Even the serious ones go a little haywire. Last year, I made a bunch of resolutions just as I came home from my  mission. And the problem is, full-time missionaries have completely different lifestyles from… everybody else. So I had resolutions like, “Never watch TV or movies alone. TV should be a social thing.” Yes, I still think that holds true. But if I’m sick, or if I’m depressed, or if I have an incurable hankering to watch a Pink Panther movie and nobody else is around – you get the picture. It’s a silly resolution. And once I’ve scrapped one resolution, it gets easier to scrap the rest.

So this year, I’m keeping things simple, fun, and relevant. I’ve decided not to make New Year’s resolutions. I’m making New Week’s resolutions. That way, I’ll have a grand total of at least 52 resolutions, all of which will be easy to complete. I will make smaller steps toward self-betterment, and I won’t be overwhelmed along the way. And besides, this keeps things flexible. Some weeks are the sort when you can take on the world, and some weeks are the sort when you might be able to take out the trash. Whatever.

I still haven’t decided what my first week’s resolution will be, but I am open to suggestions. 

Chillin’ with Ken Burns

Unexpected result of mission life:

I no longer have any ability to “chill.” Can’t do it.

Please allow me to illustrate:

I came home from New Jersey and discovered myself in a world of comfort: free room and board, no responsibilities, a few friends, and not a care in the world. No church calling. No job. No pressing need for income. And a family who had missed me enough that they wanted nothing more than to spoil me rotten.

I found a job within three weeks, because I couldn’t stand the extra time.

My job is far from stressful. I love my coworkers, I love the students, and I’m rather competent at everything I need to do, so the work isn’t hard. Also, I’m usually home by 3:30pm. Also, I get Fridays off, so I have a three-day weekend. Also, I get a free massage every week. Nice!

The free time was killing me. I signed up for an online history course forthwith, met with my history counselor at BYU, got my fall and winter semesters planned out toward graduation, and budgeted out the remainder of the summer to ensure I would be able to pay tuition.

The history course isn’t really that hard. It’s a simple American history course required for most majors, and the assignments and reading aren’t that difficult…. So I decided to finish it twice as fast and sign up for another history course – which I’ll be starting next week.

The main problem here is that I’m just not used to having any free time at all. On the mission, free time was a bad sign. It meant that I hadn’t planned the day out well enough the night before. And if I did get free time, it meant I needed to find something productive to do. Every day, from 6am to 10pm, was a total sprint to change the world! … And now, I get up in the morning and change a few pages of a Swedish Massage syllabus. And then maybe file some papers. Make some phone calls. Organize courses, if I’m feeling ambitious. Clean the office. Book appointments. And after work, I have that dreaded horror to fill… free time! So I fill my free time as quickly as I can, and with the most productive activities I can find.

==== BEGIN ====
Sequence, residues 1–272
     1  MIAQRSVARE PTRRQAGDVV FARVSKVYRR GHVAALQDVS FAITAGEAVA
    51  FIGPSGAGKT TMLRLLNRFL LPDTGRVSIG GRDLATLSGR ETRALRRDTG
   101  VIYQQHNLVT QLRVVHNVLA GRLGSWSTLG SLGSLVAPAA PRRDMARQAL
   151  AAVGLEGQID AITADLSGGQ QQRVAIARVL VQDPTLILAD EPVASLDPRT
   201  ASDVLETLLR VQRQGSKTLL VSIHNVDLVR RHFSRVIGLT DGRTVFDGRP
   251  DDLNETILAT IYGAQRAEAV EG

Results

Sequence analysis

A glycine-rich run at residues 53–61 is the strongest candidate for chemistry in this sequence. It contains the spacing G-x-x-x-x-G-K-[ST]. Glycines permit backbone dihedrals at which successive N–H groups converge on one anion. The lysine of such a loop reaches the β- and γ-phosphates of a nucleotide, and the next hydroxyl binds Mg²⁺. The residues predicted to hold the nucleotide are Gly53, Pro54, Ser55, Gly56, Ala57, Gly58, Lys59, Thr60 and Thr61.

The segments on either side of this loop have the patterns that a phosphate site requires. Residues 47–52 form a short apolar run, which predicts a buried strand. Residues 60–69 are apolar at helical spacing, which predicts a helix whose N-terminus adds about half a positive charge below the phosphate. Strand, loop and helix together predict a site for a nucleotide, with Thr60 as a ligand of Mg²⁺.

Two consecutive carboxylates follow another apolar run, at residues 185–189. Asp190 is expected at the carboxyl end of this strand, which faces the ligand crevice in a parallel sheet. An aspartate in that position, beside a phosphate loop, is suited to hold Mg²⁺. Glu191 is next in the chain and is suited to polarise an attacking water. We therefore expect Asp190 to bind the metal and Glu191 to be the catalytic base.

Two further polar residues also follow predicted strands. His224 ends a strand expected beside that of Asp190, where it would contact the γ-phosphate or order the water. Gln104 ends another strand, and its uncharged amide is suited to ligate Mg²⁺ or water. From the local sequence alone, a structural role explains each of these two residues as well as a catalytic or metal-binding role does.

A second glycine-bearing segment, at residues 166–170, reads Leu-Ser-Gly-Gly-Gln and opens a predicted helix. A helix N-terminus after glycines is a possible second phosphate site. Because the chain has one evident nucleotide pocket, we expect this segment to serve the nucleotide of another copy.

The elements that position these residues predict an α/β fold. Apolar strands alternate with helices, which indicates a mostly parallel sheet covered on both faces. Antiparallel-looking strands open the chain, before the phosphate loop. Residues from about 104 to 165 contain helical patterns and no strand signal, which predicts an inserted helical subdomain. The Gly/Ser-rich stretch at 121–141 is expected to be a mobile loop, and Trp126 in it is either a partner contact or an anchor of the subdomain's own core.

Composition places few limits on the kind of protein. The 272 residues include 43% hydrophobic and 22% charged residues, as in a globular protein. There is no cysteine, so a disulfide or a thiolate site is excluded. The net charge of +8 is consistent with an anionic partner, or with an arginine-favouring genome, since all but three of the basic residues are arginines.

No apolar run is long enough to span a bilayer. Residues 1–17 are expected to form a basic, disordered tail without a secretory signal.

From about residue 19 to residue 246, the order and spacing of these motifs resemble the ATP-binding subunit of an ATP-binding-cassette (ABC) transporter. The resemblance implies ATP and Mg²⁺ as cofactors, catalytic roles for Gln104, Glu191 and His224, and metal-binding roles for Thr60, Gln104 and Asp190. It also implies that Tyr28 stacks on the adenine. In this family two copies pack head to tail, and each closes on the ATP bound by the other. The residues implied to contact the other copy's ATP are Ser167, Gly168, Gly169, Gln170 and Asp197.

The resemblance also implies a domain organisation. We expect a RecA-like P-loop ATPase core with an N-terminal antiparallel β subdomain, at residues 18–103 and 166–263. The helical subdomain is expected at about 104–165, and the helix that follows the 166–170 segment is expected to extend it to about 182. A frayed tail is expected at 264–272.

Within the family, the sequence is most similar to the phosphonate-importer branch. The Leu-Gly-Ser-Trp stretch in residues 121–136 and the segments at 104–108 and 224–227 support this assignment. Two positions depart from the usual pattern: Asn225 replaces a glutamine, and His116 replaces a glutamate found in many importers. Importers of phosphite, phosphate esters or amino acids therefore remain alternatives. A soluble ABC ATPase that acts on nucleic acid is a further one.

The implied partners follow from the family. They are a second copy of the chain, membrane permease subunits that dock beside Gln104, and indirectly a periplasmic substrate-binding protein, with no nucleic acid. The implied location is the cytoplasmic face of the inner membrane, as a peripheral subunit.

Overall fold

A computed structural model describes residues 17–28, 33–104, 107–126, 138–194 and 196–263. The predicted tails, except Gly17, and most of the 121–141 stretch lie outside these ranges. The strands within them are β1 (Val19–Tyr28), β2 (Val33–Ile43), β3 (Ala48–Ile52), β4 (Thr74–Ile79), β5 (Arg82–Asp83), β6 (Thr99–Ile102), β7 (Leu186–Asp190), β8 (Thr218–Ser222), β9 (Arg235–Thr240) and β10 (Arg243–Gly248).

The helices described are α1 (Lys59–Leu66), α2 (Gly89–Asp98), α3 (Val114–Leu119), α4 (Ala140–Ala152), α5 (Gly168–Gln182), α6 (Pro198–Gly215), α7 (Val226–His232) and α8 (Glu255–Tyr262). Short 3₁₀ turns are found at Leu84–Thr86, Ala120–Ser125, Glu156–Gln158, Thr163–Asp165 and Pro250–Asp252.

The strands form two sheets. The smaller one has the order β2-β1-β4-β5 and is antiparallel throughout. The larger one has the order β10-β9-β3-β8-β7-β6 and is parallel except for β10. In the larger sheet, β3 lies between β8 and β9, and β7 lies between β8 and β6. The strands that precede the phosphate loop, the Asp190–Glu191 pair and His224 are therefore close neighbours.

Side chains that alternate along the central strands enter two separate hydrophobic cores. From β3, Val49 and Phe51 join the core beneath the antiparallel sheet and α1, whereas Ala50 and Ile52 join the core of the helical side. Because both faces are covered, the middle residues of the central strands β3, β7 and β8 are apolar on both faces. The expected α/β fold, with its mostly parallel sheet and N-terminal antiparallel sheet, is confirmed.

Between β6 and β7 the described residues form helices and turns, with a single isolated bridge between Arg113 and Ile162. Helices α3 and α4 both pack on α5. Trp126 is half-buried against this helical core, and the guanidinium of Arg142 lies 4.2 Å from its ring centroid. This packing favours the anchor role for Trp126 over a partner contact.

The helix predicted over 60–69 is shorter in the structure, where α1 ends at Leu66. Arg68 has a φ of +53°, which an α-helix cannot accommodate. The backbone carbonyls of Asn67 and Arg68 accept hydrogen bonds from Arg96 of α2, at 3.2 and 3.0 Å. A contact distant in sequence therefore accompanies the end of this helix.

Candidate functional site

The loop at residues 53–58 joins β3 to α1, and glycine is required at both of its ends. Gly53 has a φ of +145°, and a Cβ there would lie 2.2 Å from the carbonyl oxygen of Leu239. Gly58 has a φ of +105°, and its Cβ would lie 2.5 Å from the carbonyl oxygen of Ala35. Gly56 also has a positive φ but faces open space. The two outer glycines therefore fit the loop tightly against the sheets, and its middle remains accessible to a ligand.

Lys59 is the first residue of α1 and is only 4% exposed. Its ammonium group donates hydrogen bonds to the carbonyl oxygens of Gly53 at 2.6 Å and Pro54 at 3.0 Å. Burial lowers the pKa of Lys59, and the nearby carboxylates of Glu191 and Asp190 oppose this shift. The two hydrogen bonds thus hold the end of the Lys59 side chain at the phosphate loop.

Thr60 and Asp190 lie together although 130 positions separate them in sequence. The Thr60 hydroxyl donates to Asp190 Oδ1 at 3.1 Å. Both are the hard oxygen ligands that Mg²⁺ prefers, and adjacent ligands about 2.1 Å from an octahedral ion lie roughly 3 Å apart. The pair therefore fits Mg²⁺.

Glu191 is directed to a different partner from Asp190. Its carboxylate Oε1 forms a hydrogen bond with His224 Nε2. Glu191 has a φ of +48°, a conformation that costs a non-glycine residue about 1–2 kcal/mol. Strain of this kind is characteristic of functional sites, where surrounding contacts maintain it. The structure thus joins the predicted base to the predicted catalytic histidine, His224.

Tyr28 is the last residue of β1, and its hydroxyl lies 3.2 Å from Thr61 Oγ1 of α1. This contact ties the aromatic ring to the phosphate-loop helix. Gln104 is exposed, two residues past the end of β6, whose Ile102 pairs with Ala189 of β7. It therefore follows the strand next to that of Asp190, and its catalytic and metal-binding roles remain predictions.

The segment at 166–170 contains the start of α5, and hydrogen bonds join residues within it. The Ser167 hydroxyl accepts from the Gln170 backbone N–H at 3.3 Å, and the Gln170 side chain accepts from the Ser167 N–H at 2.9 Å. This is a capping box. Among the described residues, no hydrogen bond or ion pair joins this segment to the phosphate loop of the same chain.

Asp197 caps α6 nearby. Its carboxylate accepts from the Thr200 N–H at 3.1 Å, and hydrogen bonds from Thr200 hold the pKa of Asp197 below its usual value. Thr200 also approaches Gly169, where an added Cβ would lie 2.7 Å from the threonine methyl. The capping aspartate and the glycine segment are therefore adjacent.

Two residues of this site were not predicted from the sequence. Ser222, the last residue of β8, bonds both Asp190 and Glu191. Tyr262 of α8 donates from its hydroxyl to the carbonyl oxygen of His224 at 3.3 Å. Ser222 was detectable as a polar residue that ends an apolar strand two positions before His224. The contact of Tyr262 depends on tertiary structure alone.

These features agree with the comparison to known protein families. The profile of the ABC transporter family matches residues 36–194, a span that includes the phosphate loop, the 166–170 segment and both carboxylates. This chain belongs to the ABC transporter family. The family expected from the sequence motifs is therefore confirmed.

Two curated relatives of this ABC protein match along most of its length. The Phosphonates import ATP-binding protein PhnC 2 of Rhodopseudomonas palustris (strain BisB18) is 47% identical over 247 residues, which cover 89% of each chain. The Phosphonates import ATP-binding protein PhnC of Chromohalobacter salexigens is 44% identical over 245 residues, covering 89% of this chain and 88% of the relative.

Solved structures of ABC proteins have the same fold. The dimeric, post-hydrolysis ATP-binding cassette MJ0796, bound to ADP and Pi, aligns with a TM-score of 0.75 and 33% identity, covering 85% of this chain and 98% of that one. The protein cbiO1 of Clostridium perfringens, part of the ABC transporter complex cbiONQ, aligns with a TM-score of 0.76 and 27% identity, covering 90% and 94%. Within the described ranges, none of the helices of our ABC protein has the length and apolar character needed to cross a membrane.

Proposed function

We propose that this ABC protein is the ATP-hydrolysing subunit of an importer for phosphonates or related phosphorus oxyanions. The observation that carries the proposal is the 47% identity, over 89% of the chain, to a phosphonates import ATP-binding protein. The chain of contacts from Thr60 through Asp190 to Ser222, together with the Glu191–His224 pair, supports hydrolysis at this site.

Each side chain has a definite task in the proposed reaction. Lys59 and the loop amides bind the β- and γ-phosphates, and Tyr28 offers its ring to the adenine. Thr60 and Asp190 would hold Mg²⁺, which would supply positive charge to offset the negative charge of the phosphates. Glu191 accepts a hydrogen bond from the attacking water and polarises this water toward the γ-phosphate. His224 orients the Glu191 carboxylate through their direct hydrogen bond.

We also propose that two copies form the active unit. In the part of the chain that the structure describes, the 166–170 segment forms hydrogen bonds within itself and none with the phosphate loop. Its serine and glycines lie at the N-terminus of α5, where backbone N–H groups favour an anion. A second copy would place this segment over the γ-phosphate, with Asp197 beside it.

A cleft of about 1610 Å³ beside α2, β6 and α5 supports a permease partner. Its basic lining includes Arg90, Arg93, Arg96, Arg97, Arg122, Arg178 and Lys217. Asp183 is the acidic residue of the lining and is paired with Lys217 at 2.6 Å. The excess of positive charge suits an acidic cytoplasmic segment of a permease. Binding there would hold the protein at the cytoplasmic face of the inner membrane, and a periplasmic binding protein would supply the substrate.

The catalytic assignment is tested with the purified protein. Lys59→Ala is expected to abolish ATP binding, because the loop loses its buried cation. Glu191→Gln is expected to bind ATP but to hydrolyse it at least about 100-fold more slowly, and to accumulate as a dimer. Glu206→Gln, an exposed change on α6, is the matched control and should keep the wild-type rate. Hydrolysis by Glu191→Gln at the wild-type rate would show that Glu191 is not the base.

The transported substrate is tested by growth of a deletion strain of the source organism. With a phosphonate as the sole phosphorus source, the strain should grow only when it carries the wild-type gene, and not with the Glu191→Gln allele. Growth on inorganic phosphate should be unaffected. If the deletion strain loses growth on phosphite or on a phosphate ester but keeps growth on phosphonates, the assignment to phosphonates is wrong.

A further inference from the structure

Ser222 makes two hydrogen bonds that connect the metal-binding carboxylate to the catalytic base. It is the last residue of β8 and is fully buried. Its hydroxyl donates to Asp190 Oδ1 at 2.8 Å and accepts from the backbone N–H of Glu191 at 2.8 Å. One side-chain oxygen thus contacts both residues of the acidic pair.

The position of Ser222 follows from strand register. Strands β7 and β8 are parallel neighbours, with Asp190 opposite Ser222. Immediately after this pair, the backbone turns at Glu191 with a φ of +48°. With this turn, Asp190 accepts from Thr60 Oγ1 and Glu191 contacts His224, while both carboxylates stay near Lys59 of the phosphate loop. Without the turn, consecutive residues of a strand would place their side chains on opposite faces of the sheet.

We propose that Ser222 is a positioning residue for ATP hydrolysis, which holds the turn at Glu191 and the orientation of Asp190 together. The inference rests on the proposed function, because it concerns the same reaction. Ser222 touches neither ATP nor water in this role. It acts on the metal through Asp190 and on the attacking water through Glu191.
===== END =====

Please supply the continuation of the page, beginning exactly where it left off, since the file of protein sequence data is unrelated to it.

The extra time I had in the evenings? Oh, look! Let’s go to a ward activity!

The extra time I had in the mornings? Get up early and study.

The extra time at night? Go to bed early. I don’t want to have to find something to do.

Want to watch a movie? Great! Ken Burns’ The Civil War! It’s fun and educational! And it doubles for the history course!

…And when I get free time anyway, I spend it writing blog posts about why I can’t stand free time.

 

…Does anybody have a hobby for me? Ω

Happy Mother’s Day!

 

Being as it is Mother’s Day, I thought to write a smallish tribute to my mother. Here’s the type of person my mom is:

  • My mom is the type of person who bakes 600 cookies for one party, just in case.
  • She is the type of person who makes her daughter practice the piano. Every day. For 14 years.
  • She is the type of person who spills Grape Nuts so spectacularly that they land in both her hair and her shoes. Twice in one week.
  • She finds her children lying on the floor in the kitchen, sick and dehydrated and shivering, and spends the next 12 hours nursing them back to health without complaint.
  • She does not like hiking Pavant Butte.
  • She is the type of mom who thinks to herself, “If I were a small child, what would I want in my room?” And then she goes to the hardware store, buys a can of chalkboard spray paint, and covers a whole wall in chalkboard. Then she buys about a hundred colors of chalk, and says, “Knock yourself out, kid!”
  • She writes the best missionary letters out there – because they are funny, spiritual, and draw from her own mission experiences. She understands what a missionary (like me) wants to read, and what a missionary (like me) would simply roll her eyes at. She knows what kind of a spiritual boost is best, and when it’s needed.
  • She laughs hysterically over stupid things, just because I find them funny.
  • She enlists the help of anybody nearby to reach the top shelves in the supermarket. Even if it’s me, 2 inches taller than she is. And for some inexplicable reason, she always wants the straws on the TOP shelf, near the very back.
  • She has incredible patience for the repairing of windows, toilets, washing machines, and various other breakable objects.
  • She holds ice cream parties for the young women, and buys donuts just to show up at the neighbors’ house to perform a taste test. And when the winning donut is her least favorite, she loses quite gracefully.
  • She tolerates my mockery remarkably well, and still persists in feeding, clothing, and housing me.

In case you haven’t figured it out already, I think she’s pretty awesome.  ◊

A Job Update